Byggnads- och underhållsmetoder för CBÖ-vägar


Pavement structures with a cement-bound granular material (CBGM) road base and an asphalt wearing course are relatively rigid and suitable for roads with heavy traffic. The road pavement type known as cement bitumen pavement (CB) is common in many European countries and was previously also widely used in Sweden, but has been used very little here in recent years. One reason for this is that many roads have had problems with reflection cracks in the asphalt due to crack formation arising in the cement-bound granular material road base (CBGM). This crack formation consists mainly of thermal cracks that continue up though the asphalt layers. Crack formation in the cement-bound layers arises at different distances, with wider cracks at a distance of 15–20 metres, and it is these that continue up through the overlying asphalt layers.

This report examines seven well known road objects that have been paved with CB and that have been trafficked for between 2 and 30 years. Because the roads have different traffic loads, the thickness of the CBGM layer has varied from 160 mm to 240 mm. Depending on when the roads were built, they have been subject to different building requirements for CB. The strength requirement for CBGM has varied from 8.5 MPa to 17 MPa. The thickness of the asphalt binder course between CBGM and the asphalt wearing course has varied from 50 mm to 115 mm and the type of binder course has varied from bitumen stabilized gravel (BSG) to various types of softer or harder asphalt types, and overlying this there has always been a 40 mm asphalt wearing course.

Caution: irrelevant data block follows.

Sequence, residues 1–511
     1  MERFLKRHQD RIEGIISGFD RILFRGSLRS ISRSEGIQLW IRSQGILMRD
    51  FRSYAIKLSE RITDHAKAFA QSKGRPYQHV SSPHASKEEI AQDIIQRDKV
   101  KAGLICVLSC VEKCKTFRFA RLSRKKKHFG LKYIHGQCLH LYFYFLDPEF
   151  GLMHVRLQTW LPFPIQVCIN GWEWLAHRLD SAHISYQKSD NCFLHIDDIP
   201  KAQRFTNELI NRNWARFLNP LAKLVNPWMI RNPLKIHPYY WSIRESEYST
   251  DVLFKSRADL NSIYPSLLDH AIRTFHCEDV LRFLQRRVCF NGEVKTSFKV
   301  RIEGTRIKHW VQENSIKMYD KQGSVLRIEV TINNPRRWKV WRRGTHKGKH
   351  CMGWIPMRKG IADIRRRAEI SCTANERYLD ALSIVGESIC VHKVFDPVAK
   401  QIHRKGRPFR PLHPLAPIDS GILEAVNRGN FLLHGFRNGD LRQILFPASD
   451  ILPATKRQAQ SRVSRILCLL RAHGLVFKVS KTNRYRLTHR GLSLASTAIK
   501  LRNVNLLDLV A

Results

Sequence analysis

Cost Benefit Analysis (CBA) workshop in Stockholm

An open seminar and workshop in Stockholm will be held on 25-26 April 2018. The workshop deals with the use of CBA as a basis for decision-making in the public sector. The workshop is organized by, among others, Professor Jan-Eric Nilsson, VTI.

The 6st Humanist Conference

The 6th HUMANIST Conference will take place 13-14 June 2018 in the Hague, The Netherlands. The scope of the conference covers a wide range of topics on Human Factors in Transport. Tania Willstrand and Alexander Eriksson will present their research results.



VTI will develop simulators for ambulance staff

VTI has initiated a pilot study for paramedics with the Centre for Teaching & Research in Disaster Medicine and Traumatology and Linköping University. The aim is to give ambulance staff the opportunity to practice critical medical tasks in a moving vehicle in...


Unique electrified road opens in Sweden

The world’s first electrified road recharging the batteries of cars and trucks while driving opened in Sweden. The Swedish Minister for Infrastructure, Tomas Eneroth, was at the formal inauguration of the electrified road on April 11, 2018. VTI is one of 22...


Swedish road safety spreads internationally

Sweden is a leading country in terms of road safety, and the research conducted by the Swedish National Road and Transport Research Institute (VTI) has contributed to increased safety. VTI’s remit includes disseminating research results and keeping up to date...


A greater understanding of cyclists' behaviour

Cyclists are often accused of not following traffic rules and being hooligans on the road. New research shows that there is no support for this perception. "Our observations reveal no such general anarchy" says Sonja Forward, researcher at VTI.


New technology for road surface measurement tested

VTI has tested a new scanning-laser technology for road surface measurement. The tests show the new technology for comprehensive transverse-profile measurement provides dependable values in measuring transverse profile and rut depth.


Ulf Sandberg has been presented with the TTI Lifetime Achievement Award 2018

VTI’s Senior Research Leader Ulf Sandberg has been presented with the TTI Lifetime Achievement Award 2018 for his work on research into tyres and road surface.